This week, our district has about 50 professional educators (teachers) working on redeveloping the Student Learning Objective Assessments that are required as a part of Georgia's Race to the Top grant. Our evaluation system, TKES, will have about 40% of the evaluation based on student growth. We will be using standardized tests for those teaching tested subject grads. In GA, that means Math, ELA, social studies, and science in grades 4-8 and 8 different End-of-Course Tests in high school. Everyone else who teaches is going to have to have a pre/post test that is developed under the direction of state DOE guidance, but directed and created by districts. The SLO assessment process has been a challenge because we are trying to serve two masters with the assessments.
First, we are trying to serve the need of the evaluation instrument to have a measure of student learning over the course of the school year. This presents a number of important considerations around validity and reliability of the assessments. Although there is a fairly rigorous process in place to attempt to ensure this, there is no item analysis, distractor analysis, or other psycometric evaluation of the assessment items after they have been administered. We try very hard to train teachers in two or three days on how to construct good test items, but there are still questions as to value of the data as an accurate measure of student growth over the year. This is in stark contrast to the "tested" subjects that have industry created and vetted items used with huge sets of data and field testing of each item and teams of trained psycometricians ensuring the items are valid and reliable. Both the "tested" and "non-tested" growth models impact Teacher Evaluation in the same manner.
The second master we want to serve with pre/post assessments is the instructional work of teachers in the classrooms. There is significant research supporting the value of pre-assessments and subsequent instructional decision making based on the data that comes back from the pre-assessments. However, the value of this type of work tends to be more helpful at the unit or lesson level and is signficantly less impactful at the course level. We can determine what students know or don't know about course content, yes, but when you are attempting to do a survey of all the knowledge and skills learned in a Chemistry I course when students come in with little chemistry background, the test is limited in what it offers as meaningful data for the teacher. Thus, the SLO assessments are limited in their ability to inform instructioanl decisions on the fly or after the initial work in the first month of school.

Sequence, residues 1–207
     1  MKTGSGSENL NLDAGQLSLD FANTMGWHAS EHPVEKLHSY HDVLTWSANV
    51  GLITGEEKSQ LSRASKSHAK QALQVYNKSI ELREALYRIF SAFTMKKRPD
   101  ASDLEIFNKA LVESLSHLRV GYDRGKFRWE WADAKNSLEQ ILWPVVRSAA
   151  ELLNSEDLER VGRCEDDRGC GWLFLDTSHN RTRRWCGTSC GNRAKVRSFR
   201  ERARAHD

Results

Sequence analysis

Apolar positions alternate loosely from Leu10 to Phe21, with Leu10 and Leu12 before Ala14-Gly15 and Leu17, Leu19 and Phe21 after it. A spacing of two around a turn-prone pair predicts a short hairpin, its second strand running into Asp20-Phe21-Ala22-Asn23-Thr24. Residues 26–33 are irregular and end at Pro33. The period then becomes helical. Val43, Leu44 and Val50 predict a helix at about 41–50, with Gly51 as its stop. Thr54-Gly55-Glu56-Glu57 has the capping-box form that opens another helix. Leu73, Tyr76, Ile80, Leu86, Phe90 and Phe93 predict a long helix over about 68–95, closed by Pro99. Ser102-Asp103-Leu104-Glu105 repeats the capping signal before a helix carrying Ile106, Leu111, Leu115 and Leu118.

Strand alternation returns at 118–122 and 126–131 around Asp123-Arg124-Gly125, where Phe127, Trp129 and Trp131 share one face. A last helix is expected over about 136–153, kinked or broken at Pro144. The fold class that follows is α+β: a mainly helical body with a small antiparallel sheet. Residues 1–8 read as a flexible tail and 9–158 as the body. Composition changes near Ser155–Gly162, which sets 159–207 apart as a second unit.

This data problem is a frustration for teachers and administrators alike. We are once again taking at least 2 days of instruction to collect "autopsy" data that in theory could guide instruction, but in practice is limiting in what it offers for teachers in the classroom. Not only are we taking that instructional time away, but we have invested hundreds of thousands of dollars in "professional learing" around building these SLO assessments. There is value in exposing teachers to Webb's Depth of Knowledge and how to use it to evaluate standards and assessment items to match and there is value in training teachers in what makes good assessments. But that value is limited in its scope and influence because it is focused on SLO assessment development and not on an overall assessment plan/vision that impacts instruction for all kids from day to day.
The challenge continues to be how to effectively evaluate the impact of an individual teacher on student achievement and how to isolate their impact away from all other factors that impact student learning. We all agree great teachers have significant impact on student learning, but being able to quantify that impact in a fair and reliable way is very difficult and complex work.